OGDEN — A company that leases land at Ogden-Hinckley Airport has filed a lawsuit in federal court alleging that officials unconstitutionally barred an owner’s access to the company hangar, a dispute that appears to have stemmed from the ongoing conflict between the airport and some hangar owners.
BSJ Travel Inc. filed the case Monday in U.S. District Court in Salt Lake City, alleging that Ogden City retaliated against one of the litigants, BSJ Travel owner Doug Durbano, when he forfeited his security pass around September 10 disabled at the airport.
Durbano and several dozen other hangar owners sued the city last year over new airport management and development plans that included the city no longer automatically renewing leases. Under the new guidelines, airport officials began not renewing some long-standing hangar leases and demolishing some of the decades-old structures. The city said it needed to make better use of airport space to attract new businesses and increase the airport’s economic viability, but hangar owners argued the lease moves were illegal government expropriations of private property.
In July of this year, US District Judge David Barlow dismissed that lawsuit, saying the lease disputes were “garden diversity” contractual matters better dealt with in state district courts. Durbano and several hangar owners have appealed this decision to the US 10th Circuit Court of Appeals in Denver.
BSJ Travel’s complaint accuses city officials, including airport manager Bryant Garrett and district attorney Gary Williams, of allegedly using the airport’s security and access badge system for unauthorized purposes. The badge system was set up as part of the Transportation Security Administration’s protocols when commercial passenger flights operated at Ogden. TSA is no longer operating at the airport, according to the lawsuit, because airlines Allegiant and Avelo suspended their Ogden service last summer.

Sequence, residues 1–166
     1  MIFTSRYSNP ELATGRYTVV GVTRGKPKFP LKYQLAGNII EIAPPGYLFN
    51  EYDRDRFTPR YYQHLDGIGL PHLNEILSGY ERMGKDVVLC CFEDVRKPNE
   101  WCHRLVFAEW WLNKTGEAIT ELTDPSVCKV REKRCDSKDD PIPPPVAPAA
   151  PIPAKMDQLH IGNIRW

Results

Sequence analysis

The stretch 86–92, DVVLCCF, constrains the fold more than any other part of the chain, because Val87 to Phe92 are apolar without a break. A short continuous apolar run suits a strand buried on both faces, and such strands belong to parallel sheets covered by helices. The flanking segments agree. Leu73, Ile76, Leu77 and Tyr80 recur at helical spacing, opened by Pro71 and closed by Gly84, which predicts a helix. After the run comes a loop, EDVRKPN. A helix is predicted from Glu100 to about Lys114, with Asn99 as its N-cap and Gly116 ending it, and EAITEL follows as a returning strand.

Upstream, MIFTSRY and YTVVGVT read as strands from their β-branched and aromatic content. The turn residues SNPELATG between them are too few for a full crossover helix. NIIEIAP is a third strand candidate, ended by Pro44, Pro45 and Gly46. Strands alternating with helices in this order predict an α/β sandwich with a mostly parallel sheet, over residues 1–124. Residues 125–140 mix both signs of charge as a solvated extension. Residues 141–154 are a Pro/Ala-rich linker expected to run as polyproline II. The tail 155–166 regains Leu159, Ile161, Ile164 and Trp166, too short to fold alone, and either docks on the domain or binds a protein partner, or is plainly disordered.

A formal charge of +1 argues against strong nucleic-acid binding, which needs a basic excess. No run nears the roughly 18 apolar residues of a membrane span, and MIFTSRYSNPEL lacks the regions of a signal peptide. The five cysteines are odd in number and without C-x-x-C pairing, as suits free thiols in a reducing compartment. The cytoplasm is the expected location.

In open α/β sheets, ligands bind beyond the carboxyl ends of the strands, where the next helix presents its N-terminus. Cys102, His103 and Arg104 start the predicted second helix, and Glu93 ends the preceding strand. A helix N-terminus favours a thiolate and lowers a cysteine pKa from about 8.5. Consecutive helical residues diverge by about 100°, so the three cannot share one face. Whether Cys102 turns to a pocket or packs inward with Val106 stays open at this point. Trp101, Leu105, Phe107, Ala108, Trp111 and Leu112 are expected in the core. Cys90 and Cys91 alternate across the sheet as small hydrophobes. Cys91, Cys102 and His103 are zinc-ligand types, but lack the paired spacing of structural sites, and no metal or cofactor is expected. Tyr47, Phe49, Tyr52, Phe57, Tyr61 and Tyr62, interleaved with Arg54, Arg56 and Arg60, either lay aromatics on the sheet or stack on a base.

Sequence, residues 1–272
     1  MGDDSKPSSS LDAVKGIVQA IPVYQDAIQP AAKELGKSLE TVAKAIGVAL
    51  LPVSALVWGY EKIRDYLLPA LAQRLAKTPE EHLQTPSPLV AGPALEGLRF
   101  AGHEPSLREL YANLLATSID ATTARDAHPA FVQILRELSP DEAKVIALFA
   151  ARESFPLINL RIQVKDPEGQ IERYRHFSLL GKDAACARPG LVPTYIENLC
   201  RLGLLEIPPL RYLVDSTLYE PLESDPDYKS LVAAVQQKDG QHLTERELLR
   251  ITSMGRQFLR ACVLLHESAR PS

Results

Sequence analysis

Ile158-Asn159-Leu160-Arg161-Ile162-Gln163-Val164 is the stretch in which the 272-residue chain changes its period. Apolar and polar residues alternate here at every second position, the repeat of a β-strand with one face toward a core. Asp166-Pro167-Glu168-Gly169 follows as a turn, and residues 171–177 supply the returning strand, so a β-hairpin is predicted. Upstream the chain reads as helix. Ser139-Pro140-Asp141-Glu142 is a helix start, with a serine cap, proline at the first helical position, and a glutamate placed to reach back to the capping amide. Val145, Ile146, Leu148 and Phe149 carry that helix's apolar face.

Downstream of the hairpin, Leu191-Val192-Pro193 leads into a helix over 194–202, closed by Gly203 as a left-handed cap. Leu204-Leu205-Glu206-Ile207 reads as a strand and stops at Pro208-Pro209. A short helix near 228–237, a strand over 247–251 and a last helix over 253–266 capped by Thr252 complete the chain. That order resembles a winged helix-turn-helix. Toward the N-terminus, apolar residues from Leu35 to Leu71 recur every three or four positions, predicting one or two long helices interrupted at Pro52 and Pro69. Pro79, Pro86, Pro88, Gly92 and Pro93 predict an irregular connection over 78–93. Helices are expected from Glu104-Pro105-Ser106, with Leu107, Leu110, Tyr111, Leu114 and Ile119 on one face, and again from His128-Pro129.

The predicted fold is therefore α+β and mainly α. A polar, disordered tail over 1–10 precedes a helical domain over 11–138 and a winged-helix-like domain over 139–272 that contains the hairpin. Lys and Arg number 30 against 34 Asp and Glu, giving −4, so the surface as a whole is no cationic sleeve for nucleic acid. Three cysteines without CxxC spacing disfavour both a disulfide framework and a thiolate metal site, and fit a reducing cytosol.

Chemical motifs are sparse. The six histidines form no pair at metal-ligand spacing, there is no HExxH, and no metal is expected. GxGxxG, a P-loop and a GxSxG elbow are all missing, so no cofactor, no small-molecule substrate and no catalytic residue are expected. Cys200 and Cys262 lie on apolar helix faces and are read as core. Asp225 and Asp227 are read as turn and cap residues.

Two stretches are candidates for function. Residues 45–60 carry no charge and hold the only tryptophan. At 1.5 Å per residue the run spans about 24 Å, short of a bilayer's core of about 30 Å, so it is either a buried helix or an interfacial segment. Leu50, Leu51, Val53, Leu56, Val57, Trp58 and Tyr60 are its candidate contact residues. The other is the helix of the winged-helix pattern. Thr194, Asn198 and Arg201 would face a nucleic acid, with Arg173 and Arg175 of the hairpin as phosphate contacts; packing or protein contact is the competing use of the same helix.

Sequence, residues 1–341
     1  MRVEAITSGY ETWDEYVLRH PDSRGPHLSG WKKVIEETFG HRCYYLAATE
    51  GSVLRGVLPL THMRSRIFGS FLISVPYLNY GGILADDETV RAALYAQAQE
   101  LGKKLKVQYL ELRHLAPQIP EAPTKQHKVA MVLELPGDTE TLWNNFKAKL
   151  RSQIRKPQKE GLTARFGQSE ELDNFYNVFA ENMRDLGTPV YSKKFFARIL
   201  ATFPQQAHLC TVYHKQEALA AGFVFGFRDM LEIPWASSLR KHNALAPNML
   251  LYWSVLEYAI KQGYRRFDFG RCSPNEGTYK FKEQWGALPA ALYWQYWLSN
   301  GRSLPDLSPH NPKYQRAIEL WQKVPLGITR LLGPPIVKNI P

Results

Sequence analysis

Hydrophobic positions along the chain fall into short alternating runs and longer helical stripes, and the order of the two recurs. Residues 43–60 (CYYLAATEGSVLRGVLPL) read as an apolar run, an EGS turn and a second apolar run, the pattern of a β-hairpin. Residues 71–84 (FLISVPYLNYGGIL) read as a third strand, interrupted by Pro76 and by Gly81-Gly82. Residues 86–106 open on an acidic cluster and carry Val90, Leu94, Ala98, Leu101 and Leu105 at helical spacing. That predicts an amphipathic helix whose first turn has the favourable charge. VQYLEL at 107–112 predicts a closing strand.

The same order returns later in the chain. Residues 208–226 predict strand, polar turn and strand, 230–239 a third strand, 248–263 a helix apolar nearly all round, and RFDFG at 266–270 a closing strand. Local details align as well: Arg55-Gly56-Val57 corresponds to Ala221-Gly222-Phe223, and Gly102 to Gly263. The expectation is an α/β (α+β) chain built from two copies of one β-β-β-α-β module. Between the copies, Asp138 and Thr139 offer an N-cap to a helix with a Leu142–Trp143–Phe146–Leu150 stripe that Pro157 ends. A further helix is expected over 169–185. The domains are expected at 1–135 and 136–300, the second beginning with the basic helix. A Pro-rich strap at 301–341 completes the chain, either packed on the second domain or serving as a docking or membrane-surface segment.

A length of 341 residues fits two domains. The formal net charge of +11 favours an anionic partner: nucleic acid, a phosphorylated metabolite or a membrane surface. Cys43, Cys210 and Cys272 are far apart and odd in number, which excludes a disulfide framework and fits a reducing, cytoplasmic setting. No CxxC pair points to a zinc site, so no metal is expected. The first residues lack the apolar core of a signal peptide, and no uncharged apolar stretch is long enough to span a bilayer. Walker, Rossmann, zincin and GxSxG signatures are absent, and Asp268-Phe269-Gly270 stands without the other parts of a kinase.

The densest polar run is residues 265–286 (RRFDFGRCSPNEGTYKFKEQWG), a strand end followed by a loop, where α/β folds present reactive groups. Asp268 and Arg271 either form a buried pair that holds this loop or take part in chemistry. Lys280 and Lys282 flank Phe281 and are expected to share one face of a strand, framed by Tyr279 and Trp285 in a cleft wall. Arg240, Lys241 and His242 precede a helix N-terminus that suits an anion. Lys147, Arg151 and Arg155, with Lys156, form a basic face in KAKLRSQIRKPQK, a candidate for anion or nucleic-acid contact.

The lawsuit alleges that officers are using the badge system for purposes outside the purview of TSA operations, “including, and in particular, to punish, coerce or retaliate against its landlords for matters unrelated to security.” .
Durbano said that while his access was suspended, BSJ Travel Vice President Jared Brown’s badge was recently renewed. Durbano said in the lawsuit that Williams told him over the phone that the city expects Durbano to “comply with independent inspection requests” involving another hangar “remaining from a tenant who fled the airport of his own volition.” , after trying to get a security pass a year ago.
Garrett, who was contacted Thursday, declined to discuss the dispute because of the ongoing litigation, referring questions to Stephen Noel, an outside attorney who has defended the city in the civil suits.
Noel said he could not respond to the BSJ complaint in detail as he had just received it and was still reviewing the complaint, but he alluded to a pending inspection issue and said the BSJ Travel-Durbano matter would be forthcoming depending on the outcome could be moot.
However, the lawsuit states that Brown’s simple renewal of security badges compared to Durbano’s revealed an alleged unconstitutional denial of access to Durbano and possibly other litigants. The lawsuit states that Brown was told by officials that “BSJ is qualified to issue security badges under his lease and is otherwise fully compliant and does not appear to be on the ‘bad guy’ list.” Brown never sued Ogden, the lawsuit said.
Denying the badge “is tantamount to malice or malice or serves the purpose of hurting the plaintiff by displaying the unbridled power of the government bureaucracy,” the lawsuit states. Durbano said he lost access to aircraft, other equipment and related property in the BSJ hangar as a result.
The lawsuit asks the federal court for an urgent injunction against the city.
Durbano and about a dozen others of the more than 70 hangar owners involved in the 2021 lawsuit are participating in the appeal in the Denver court. But most other hangar owners and the Ogden Regional Airport Association have decided not to join the appeal, instead pursuing a state contract lawsuit, association president Ed McKenney said recently.